“This global crisis offers each athlete the opportunity to transfer the resilience skills that they have developed throughout their sporting careers. Resilience is our capacity to cope effectively with setbacks, obstacles, failures and disappointments. Resilience is forged every day in training and competition. We cannot test our resilience without adversity, so we can mentally reframe this pandemic into an opportunity.”

Anna Marie Kennedy with her husband, Craig. © Cricket Ireland

Kennedy also listed down twelve strategies for sportspersons to follow during coronavirus in order to be stable and resume their bit once normalcy returns:

  1. Talk: Seek out others, share your thoughts and feelings with teammates, coaches, parents, friends, mentors. It’s important that you are honest and open about how you are feeling so you can be supported. Nobody should suffer in silence. Talking helps.
  2. Journaling: Whether you’re a ‘talker’ or not, consider writing down how you are thinking and feeling about certain situations and interactions in your life at the moment. Reflect on how you would like to be presently, what you may like to achieve, what you may like to learn from this experience.
  3. Label emotions: As mentioned above anxiety is a normal response to danger. Name the feeling. Reflect on the thoughts that are driving the feelings. How it feels in your body and observe the behaviours as a consequence.
  4. Be Present: Check in to the present moment. Connect in with your breathing to stay grounded and centred.
  5. Mindfulness: Prioritise physical movement, run, walk, cycle (adhering to social distancing). Engage in mindful movement such as yoga, tai chi, pilates. There is a wealth of fitness and lifestyle coaches providing online content. Get active, try something new! Start a daily mindfulness meditation practice that will positively impact your mental wellbeing and your performances when you return to competition.
  6. Play: Play is not just for children. We need to find ways to have fun and laugh.
  7. Sleep: Your brain resets during sleep. Sleep also boosts your immune system. Prioritise sleep and include naps during the day, if required.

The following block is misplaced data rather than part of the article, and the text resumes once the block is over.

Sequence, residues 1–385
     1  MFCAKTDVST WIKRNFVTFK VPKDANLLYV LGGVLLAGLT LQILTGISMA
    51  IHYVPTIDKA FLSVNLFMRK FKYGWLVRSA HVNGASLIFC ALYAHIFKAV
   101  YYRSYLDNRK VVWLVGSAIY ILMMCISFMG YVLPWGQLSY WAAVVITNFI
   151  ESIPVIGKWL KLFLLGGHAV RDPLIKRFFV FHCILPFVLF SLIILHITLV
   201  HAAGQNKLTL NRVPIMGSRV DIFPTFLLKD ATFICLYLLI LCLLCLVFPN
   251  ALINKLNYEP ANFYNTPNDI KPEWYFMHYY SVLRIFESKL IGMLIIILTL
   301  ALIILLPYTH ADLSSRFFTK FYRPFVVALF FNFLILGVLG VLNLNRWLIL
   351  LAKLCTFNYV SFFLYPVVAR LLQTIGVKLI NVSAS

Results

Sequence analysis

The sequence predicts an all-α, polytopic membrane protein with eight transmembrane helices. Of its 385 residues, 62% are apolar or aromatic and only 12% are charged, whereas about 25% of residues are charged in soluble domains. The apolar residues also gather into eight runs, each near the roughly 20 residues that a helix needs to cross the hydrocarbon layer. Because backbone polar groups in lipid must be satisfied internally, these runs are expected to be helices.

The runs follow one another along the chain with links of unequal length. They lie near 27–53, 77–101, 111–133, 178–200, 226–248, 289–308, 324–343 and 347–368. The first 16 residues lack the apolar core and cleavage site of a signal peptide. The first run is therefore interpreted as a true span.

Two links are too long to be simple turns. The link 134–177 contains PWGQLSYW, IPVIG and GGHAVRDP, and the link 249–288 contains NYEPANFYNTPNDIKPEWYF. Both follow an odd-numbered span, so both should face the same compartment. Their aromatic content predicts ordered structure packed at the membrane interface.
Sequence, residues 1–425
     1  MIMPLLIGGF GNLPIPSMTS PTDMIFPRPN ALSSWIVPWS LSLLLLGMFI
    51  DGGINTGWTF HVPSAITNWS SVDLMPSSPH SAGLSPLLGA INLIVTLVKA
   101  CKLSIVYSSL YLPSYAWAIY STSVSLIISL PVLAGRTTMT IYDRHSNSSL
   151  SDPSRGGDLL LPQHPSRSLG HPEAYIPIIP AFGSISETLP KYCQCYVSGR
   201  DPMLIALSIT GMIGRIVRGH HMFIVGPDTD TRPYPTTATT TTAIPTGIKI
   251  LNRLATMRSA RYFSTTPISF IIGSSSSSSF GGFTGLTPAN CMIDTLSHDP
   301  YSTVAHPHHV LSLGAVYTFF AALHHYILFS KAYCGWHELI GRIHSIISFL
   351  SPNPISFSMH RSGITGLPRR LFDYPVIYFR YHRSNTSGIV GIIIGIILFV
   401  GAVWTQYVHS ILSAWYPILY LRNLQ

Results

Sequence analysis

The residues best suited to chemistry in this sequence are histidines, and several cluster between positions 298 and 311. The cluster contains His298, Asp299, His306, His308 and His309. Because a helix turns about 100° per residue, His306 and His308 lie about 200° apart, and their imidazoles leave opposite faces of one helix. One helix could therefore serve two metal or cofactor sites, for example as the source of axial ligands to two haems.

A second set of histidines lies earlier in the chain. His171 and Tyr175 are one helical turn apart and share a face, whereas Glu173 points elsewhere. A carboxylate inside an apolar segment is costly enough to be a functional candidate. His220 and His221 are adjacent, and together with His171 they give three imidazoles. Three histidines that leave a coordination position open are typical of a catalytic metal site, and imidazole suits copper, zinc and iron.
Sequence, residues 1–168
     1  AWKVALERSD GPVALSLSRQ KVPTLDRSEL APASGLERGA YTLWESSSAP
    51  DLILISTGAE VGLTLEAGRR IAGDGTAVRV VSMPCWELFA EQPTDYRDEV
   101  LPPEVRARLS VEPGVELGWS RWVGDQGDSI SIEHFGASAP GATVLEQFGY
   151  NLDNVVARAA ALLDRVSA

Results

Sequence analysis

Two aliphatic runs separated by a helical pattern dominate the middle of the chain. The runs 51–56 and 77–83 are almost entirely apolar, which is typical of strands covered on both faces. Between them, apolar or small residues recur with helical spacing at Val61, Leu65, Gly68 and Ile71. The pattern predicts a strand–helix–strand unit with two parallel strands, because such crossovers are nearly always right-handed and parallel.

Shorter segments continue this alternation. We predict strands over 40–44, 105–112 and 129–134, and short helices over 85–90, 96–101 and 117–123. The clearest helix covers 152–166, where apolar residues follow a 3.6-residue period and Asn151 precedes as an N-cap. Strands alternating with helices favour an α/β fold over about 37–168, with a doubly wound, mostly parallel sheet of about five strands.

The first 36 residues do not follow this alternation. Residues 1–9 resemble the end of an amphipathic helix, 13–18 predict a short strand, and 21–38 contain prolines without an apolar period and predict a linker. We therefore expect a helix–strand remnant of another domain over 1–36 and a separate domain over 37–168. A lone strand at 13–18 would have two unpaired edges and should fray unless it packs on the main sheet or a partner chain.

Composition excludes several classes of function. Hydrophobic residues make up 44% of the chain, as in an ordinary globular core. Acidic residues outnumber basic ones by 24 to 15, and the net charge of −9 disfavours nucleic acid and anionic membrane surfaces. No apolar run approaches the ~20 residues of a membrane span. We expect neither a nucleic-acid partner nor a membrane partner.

8. Connect: Keep connected to others via online platforms. Check in on people. Go down through your Whatsapp list and message people you haven’t been in touch with for a while. Be open and available for others.
  9. Gratitude: It’s easy to say there isn’t much to be grateful for right now considering the huge toll this pandemic is having on our health, our freedom and our pockets. Write down the people and the things that you are grateful for and why every day.
  10. Opportunity: As outlined above, reflect on opportunities presenting at this time. You may get to read more, listen to podcasts, get fit(ter), educate yourself or develop a new business.
  11. Optimism: Winston Churchill once said, “A pessimist sees the difficulty in every opportunity; an optimist sees the opportunity in every difficulty.” Optimism is an attitude that can positively affect your mental and physical health. Optimism is a skill that can be developed to help reduce stress and anxiety. Train yourself to see the good in every situation. Write a list of all the things you are looking forward to doing when all this ends.
  12. Monitor your mental health: Not being able to train or compete can potentially impact identity for some athletes and cause distress. Do not be afraid to reach out if you are experiencing difficulties.